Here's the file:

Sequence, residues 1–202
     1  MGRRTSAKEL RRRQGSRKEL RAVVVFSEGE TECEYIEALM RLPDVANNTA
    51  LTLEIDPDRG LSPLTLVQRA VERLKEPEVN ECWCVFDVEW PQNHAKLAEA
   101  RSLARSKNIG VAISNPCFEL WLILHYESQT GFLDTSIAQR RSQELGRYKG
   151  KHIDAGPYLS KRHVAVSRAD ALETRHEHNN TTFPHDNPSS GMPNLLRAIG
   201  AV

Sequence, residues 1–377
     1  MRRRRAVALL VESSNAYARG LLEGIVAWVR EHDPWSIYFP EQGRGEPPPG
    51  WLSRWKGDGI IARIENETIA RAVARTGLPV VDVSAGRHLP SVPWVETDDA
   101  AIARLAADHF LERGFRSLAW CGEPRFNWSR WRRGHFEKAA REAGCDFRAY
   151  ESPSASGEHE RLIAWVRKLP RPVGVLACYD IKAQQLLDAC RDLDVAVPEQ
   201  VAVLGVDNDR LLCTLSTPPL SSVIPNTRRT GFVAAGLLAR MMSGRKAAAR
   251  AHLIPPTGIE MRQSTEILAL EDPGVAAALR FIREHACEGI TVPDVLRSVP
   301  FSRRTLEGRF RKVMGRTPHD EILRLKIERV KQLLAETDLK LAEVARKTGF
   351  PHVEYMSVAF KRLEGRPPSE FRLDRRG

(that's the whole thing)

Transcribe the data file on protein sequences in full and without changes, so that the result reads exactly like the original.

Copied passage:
Sequence, residues 1–202
     1  MGRRTSAKEL RRRQGSRKEL RAVVVFSEGE TECEYIEALM RLPDVANNTA
    51  LTLEIDPDRG LSPLTLVQRA VERLKEPEVN ECWCVFDVEW PQNHAKLAEA
   101  RSLARSKNIG VAISNPCFEL WLILHYESQT GFLDTSIAQR RSQELGRYKG
   151  KHIDAGPYLS KRHVAVSRAD ALETRHEHNN TTFPHDNPSS GMPNLLRAIG
   201  AV

Sequence, residues 1–377
     1  MRRRRAVALL VESSNAYARG LLEGIVAWVR EHDPWSIYFP EQGRGEPPPG
    51  WLSRWKGDGI IARIENETIA RAVARTGLPV VDVSAGRHLP SVPWVETDDA
   101  AIARLAADHF LERGFRSLAW CGEPRFNWSR WRRGHFEKAA REAGCDFRAY
   151  ESPSASGEHE RLIAWVRKLP RPVGVLACYD IKAQQLLDAC RDLDVAVPEQ
   201  VAVLGVDNDR LLCTLSTPPL SSVIPNTRRT GFVAAGLLAR MMSGRKAAAR
   251  AHLIPPTGIE MRQSTEILAL EDPGVAAALR FIREHACEGI TVPDVLRSVP
   301  FSRRTLEGRF RKVMGRTPHD EILRLKIERV KQLLAETDLK LAEVARKTGF
   351  PHVEYMSVAF KRLEGRPPSE FRLDRRG